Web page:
Openfoot sees dreams much as he sees other forms of human communication. Our words and vocalisations can be used in a wide variety of different ways to match varying circumstances and needs. Our conversations can be banal and everyday, formal and highly structured, convoluted and contorted, simple and straightforward or deep and profound. Openfoot thinks dreams can be all of these too. It’s just that the “conversation” is an internal one and not directed by the everyday self.
The dreams reported here are those that have impact, which are hard to ignore and demand to be attended to. At one level Openfoot is content to see these in Jungian terms as communications from the unconscious mind directed to the egoic mind. At other levels this formulation seems far less relevant and dreams as a distinct phenomena begin to lose significance. Here dreams become an approach, an avenue, a living link to types of awareness and consciousness that can also be accessed by other means, such as meditation.
Although the unconscious may communicate using words in dreams, it is the symbols and images that form their important content, and the relationships set up between these symbols that provide their main communicative power. In charting the inner journey Openfoot sees dreams as being of particular value because they are reports independent of the waking mind. They are involuntary, spontaneous and entirely natural expressions of deeper states of mind. They offer reports on developing relationships between aspects of mind, providing critiques, encouragement and milestones along the way. In this sense they introduce a measure of "objectivity" into an overwhelmingly subjective developmental process.
Jung encouraged the individuals he counselled and advised to bring the contents of their unconscious, their dreams, into the light of day. Openfoot took this to heart early on. His “Dream Diaries” are one result but, as Jung suggested, he also sketched and painted dream material to give it a presence in the everyday world. He found that by doing this his ability to recall and engage with his dreams significantly increased.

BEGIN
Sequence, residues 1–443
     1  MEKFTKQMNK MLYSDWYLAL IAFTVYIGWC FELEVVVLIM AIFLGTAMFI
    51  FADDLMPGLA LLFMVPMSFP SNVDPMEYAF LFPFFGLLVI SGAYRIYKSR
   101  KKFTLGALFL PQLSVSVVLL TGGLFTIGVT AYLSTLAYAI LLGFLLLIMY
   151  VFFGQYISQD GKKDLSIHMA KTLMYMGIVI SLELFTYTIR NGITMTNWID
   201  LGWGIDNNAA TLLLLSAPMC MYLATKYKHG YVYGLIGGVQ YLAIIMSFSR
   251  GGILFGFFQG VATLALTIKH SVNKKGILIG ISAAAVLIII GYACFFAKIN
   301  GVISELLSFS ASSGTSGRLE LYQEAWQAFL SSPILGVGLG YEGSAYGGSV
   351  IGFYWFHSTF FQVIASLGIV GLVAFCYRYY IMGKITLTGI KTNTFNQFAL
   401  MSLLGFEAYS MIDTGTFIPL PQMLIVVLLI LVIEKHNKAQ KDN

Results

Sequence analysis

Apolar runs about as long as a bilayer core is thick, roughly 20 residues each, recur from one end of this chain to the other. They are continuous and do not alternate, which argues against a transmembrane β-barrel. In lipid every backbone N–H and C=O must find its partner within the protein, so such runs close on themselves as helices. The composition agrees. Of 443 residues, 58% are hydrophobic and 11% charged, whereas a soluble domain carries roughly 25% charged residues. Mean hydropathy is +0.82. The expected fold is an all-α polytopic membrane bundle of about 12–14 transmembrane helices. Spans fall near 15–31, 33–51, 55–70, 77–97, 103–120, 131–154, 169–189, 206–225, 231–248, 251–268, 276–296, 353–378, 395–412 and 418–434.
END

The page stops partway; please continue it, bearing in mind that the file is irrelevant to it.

Although working with his dreams was the key strand on Openfoot’s “progress” he does not consider that they would have, on their own, been sufficient to carry him and maintain his momentum along the path. Collaboration is required between the unconscious and conscious mind if this evolving dance is to proceed. The conscious mind needs to find ways to accept and integrate the material and experiences that are welling up from below, from inside. It must use its own tools and methods to do this. From here it is but a short step to all manner of narratives, myths, religions and art. Although Openfoot was happy to borrow and learn from all of these fields of endeavour when setting out his predominant world-view was grounded in his training in natural sciences, and scientific materialism.
Openfoot has therefore drawn widely on many avenues of human exploration and experience, but it has all been underpinned by a scientific and naturalistic outlook. This has contributed amongst other things to an attitude of "constructive doubt" that he has carried with him throughout all his interior ramblings. This has helped to keep him grounded when extraordinary experiences were up on him. The ability to bracket a powerful experience (see Dream 27: The Dawning of the Light) and regard it as phenomena for study and investigation without rushing to early conclusions about its nature and significance were Openfoot believes, one of the things that preserved his sanity in those early years.